The current formula was last adjusted while he was a cabinet minister in the former Conservative government of Stephen Harper.
Many Albertans share his anger, but some also appear to have little understanding of the fact that the question on their ballot would not actually translate into stopping equalization payments.
“There’s a substantial proportion of people who are planning to vote ‘yes’ who believe that there will no longer be equalization if the vote wins, or who believe that this is a way for Albertans to get out of paying into the equalization system,” said Lisa Young, a professor of political science with the University of Calgary, in an interview with Global News on Oct. 13.
“That’s simply not true.”
What makes it so hard to change the Constitution?
What is clear is that doing what the referendum proposes — scrapping an entire section from the Constitution — is not a decision that any one province has the power to make on its own.
Seven of the 10 provinces representing at least 50 per cent of Canada’s population, plus the federal government, would have to agree.
Quebec, Ontario and B.C. also have veto power under a provision laying out the requirements for regional and provincial buy-in on constitutional amendments.
Under that same provision, two or more Prairie provinces representing at least 50 per cent of the region’s population would also have to agree, as would two Maritime provinces representing the same.
In an interview with The Canadian Press, one of the advocates involved in the “yes” campaign said the hope is that a “yes” result can serve as a pressure relief valve for frustrated Albertans, and that it could push other provinces to demand changes to the equalization formula.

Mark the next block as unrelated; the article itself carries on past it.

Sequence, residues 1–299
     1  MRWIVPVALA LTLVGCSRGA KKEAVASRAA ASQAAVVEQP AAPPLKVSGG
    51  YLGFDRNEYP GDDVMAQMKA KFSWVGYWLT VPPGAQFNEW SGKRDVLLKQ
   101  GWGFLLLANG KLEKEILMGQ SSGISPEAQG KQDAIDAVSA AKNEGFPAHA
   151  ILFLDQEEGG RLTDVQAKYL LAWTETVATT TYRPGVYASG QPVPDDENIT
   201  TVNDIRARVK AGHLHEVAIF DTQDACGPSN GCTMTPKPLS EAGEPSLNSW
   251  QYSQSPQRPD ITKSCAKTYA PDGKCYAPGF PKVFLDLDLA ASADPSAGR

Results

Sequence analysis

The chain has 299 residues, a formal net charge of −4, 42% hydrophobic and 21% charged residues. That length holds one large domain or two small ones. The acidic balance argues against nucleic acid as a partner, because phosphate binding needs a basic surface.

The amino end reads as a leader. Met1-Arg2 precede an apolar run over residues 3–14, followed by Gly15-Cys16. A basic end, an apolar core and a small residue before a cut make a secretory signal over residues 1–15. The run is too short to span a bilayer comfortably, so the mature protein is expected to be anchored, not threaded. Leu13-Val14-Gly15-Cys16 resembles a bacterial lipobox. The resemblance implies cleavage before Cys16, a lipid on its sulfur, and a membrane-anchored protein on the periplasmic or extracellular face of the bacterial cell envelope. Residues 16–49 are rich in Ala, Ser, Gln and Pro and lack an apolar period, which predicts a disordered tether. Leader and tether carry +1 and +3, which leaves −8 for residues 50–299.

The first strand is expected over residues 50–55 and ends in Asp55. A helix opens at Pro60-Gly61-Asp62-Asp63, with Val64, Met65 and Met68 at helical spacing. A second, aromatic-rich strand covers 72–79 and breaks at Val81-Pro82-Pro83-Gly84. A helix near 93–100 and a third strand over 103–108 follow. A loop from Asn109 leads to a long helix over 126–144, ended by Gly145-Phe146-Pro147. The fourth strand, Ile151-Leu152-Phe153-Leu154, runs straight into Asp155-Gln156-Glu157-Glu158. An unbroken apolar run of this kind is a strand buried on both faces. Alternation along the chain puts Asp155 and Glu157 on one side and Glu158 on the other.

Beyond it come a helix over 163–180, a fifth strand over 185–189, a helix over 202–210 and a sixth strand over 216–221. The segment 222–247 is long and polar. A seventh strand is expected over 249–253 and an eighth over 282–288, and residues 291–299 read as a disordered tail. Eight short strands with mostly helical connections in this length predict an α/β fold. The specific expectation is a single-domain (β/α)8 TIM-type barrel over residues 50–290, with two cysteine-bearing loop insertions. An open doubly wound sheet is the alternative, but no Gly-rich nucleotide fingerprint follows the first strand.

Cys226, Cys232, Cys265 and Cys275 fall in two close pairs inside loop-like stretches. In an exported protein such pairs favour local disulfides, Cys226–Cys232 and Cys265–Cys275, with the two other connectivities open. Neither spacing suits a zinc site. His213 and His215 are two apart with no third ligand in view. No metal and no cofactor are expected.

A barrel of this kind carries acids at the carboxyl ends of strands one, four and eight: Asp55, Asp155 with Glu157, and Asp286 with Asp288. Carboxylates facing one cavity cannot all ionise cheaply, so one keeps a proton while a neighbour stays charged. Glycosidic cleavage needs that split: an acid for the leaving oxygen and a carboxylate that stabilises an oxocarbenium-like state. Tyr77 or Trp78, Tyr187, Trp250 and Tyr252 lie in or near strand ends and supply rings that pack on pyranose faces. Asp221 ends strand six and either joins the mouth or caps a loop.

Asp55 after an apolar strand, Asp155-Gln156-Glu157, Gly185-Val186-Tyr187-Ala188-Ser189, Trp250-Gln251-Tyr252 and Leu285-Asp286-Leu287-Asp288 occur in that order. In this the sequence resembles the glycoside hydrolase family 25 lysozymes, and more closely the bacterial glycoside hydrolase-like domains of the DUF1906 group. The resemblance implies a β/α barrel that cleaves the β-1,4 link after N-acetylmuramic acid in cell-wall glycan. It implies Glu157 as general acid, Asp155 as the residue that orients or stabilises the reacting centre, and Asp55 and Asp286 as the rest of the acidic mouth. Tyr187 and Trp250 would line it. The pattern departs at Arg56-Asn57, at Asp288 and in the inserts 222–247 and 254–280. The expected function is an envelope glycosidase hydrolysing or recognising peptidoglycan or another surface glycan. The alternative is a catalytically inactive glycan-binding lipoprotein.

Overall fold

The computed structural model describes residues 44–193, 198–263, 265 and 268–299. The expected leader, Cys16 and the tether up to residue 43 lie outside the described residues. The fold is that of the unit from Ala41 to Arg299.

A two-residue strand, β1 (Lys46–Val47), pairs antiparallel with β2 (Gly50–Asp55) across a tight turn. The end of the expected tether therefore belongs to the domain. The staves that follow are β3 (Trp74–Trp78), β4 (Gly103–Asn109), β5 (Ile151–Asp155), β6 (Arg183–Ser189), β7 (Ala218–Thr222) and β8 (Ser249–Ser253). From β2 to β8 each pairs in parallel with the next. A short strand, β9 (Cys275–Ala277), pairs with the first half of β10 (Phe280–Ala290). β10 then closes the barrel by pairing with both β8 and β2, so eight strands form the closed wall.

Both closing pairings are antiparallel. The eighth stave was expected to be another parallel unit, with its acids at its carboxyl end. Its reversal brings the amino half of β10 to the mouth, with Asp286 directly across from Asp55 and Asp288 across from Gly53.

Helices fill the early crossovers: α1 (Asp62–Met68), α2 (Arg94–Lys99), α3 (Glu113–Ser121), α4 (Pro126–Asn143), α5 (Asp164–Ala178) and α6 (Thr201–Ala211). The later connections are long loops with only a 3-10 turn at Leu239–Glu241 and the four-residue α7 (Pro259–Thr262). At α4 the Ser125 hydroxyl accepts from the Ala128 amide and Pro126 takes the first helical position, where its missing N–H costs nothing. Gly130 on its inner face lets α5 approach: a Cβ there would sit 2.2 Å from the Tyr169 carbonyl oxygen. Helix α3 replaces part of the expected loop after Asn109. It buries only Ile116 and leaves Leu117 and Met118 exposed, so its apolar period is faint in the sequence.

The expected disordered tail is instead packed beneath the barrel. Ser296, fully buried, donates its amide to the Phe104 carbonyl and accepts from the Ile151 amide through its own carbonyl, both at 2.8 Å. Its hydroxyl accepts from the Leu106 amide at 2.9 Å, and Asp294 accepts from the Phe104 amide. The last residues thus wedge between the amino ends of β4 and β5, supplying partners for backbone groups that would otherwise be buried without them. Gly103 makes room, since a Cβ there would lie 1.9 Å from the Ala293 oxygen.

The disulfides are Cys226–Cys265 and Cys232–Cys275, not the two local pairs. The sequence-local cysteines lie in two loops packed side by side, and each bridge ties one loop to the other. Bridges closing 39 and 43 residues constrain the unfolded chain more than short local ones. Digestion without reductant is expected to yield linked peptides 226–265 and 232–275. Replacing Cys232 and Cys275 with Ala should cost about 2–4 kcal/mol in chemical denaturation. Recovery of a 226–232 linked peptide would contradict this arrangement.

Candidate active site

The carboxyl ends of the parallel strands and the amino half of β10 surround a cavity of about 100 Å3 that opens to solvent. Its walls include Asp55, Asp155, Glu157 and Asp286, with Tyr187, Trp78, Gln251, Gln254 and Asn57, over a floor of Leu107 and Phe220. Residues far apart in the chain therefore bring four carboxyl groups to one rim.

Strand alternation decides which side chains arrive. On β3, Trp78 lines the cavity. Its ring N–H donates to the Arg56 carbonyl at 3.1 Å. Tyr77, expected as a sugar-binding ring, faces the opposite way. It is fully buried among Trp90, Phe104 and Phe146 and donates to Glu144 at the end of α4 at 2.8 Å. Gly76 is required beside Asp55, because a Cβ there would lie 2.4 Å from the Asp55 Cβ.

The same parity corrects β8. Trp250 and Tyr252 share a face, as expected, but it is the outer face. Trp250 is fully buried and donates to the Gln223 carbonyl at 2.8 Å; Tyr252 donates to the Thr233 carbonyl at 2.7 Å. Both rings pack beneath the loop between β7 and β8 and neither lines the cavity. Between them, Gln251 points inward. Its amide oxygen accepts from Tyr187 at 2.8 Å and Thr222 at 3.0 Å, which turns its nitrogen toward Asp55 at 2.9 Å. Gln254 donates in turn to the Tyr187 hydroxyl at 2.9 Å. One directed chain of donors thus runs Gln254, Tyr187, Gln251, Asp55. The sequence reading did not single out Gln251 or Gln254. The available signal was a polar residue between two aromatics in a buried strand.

“It can get the ball rolling,” said Bill Bewick, head of Fairness Alberta.
However, pushing for change and getting the federal government to sit down and talk about it are two very different things, and it’s not clear that a “yes” vote would force that negotiation.
Those who argue the referendum should force Ottawa to negotiate point to a 1998 Supreme Court reference case that followed that province’s referendum on whether to secede from Canada.
The federal government asked the court to rule on “whether Quebec has a right to unilateral secession.”
In the directions provided by the court, the justices said a “clear majority vote” in favour of Quebec secession would provide democratic legitimacy to the demand, and that other parties to the Constitution would have to acknowledge that and engage in “principled negotiation.”
The question put to the court in that case, though, was narrow: specifically focused on secession, not on amendments to the Constitution itself on other matters.
Adams explained that requirement was factoring in very real concerns that ignoring a vote on such a powerful matter as secession could trigger political violence and social instability.
“The Supreme Court said, to avoid all of those worst-case scenarios, the rest of the country has to sit down and negotiate. That is not what they said about any old constitutional referendum on any old constitutional topic,” he said.
“That does not apply to a run-of-the-mill proposal by Alberta to change one feature of the Constitution.”